There has already been one intriguing film about notorious serial killer Jeffrey Dahmer—David Jacobson’s 2002 “Dahmer,” in which Jeremy Renner made his breakthrough in the title role. Now we have another, “My Friend Dahmer,” adapted by Marc Meyers from a fact-based graphic novel by John “Derf” Backderf, in which Ross Lynch, a former star on the Disney Channel, proves that he’s not just another pretty face. At once sympathetic in its portrayal of a boy tortured by circumstance and eerie in its presentiments about what he would become, it’s emotionally unsettling but strangely moving.
The picture is extremely limited in its scope, covering Dahmer’s senior year at his Bath, Ohio high school. He’s a perpetual outcast there, and finds little comfort at home: his mother Joyce (played with terrifying intensity by Anne Heche) is mentally disturbed, having only returned from an institution, and his frazzled father Lionel (Dallas Roberts), a chemist who admits that he spends too much time in the lab, has trouble dealing with her, Jeffrey and younger son Dave (Liam Koeth).
The sole pleasures Dahmer seems to have are centered in his backyard shed, where he puts roadkill he scoops up from the pavement into jars with chemicals provided by his dad: he likes to watch the flesh decompose, leaving the skeletons behind. He also shows signs of wanting to kill, at one point trying to shoot a dog he’s led out into the woods. And he becomes fixated on Dr. Matthews (Vincent Karthauser), the local physician who regularly jogs past his house. At one point he’ll even lie in wait for the man with a baseball bat at the ready—after making an appointment for a physical.
These preoccupations, however, take second place to the camaraderie he develops with a trio of nerdy classmates—aspiring artist Derf (Alex Wolff), Neil (Tommy Nelson) and Mike (Harrison Holzer)—who watch in amazement as he abruptly pulls a spastic riff in the hallway one day and decide to make him their mascot. They’ll use him to disrupt the place with pranks like inserting him into every club photo for the yearbook. But this is hardly a real friendship: it’s an arrangement of convenience, and when Dahmer proves to them that he can get a date for the prom, things do not turn out well. A similar outcome follows his attempt to befriend a hopped-up drug-dealer named Finn (Miles Robbins).
The movie ends with Dahmer’s graduation, which only Lionel—now living out of a motel room—attends, Joyce and Dave having suddenly gone off to her parents. Desperately lonely, and increasingly prone to thoughts of homicide, he has an encounter with the apologetic Derf—an episode that may be the script’s sole misstep, a rather crass attempt to generate tension—before picking up a hitchhiker.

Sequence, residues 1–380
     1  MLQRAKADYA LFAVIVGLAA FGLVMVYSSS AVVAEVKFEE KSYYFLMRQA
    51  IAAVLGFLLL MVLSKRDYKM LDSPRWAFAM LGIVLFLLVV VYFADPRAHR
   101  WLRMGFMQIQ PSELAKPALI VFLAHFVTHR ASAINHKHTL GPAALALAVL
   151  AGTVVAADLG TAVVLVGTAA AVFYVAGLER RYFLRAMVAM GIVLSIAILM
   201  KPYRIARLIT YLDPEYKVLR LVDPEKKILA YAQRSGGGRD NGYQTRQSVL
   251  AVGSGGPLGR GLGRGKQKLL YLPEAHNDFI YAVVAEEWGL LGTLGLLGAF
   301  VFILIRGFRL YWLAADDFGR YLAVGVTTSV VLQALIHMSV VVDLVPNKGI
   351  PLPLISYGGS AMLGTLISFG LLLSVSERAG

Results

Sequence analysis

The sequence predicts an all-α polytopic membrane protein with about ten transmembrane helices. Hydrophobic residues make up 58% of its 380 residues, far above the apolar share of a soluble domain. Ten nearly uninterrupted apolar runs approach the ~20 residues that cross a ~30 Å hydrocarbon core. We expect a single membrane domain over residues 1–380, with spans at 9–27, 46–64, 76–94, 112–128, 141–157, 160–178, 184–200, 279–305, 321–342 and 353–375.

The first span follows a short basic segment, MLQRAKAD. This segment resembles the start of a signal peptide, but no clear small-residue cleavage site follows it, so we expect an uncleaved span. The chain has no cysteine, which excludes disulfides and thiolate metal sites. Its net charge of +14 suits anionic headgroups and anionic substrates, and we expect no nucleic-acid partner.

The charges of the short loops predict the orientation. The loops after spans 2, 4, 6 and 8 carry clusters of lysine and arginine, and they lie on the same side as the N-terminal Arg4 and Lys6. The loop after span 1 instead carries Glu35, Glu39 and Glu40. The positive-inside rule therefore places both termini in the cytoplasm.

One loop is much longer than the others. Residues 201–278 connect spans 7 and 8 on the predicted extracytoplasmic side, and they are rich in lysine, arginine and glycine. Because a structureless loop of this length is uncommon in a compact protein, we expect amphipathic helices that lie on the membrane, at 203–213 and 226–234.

“My Friend Dahmer” studiously avoids overt violence, but the suggestion that it’s imminent is always present. That comes across in Lynch’s performance, which goes beyond a portrait of a bullied, awkward teen to look ahead to what Dahmer will become. Lynch handles that with considerable subtlety, adopting a stooped-over posture and glassy-eyed, vacuous stare that indicate undercurrents of hostility that can erupt in outbursts when his lust goes unfulfilled. In his hands what might have been a stunt becomes something more.
Supporting him ably are Heche and Roberts, who draw a portrait of an unhappy, contentious marriage that feels authentic, and Wolff, Nelson and Holzer, who are spot on as would-be rebels who use Dahmer for their own ends. Production designer Jennifer Klide and costumer Carla Shivener capture the period detail of semi-depressed suburban Ohio in the early nineties without overdoing it, while cinematographer Daniel Katz and editor Jamie Kirkpatrick maintain the moody tone Meyers was after but keep the sense of menace submerged. Andrew Hollander’s score is similarly undemonstrative, and the use of pop songs is imaginative, with the prom scene—which could give “Carrie” a run for the money—appropriately garish, both visually and aurally.
Some will question why “My Friend Dahmer” should exist at all. But it doesn’t glorify or explain away the horror its subject perpetrated. Rather it seeks to understand, empathetically but without tears, how such a person was shaped. It can offer only partial answers, of course; people like Dahmer will always remain an enigma to us in the end. But Backderf and Meyers’ invitation to ponder the making of a killer too easily dismissed as an inexplicable monster is at once disturbing and curiously moving.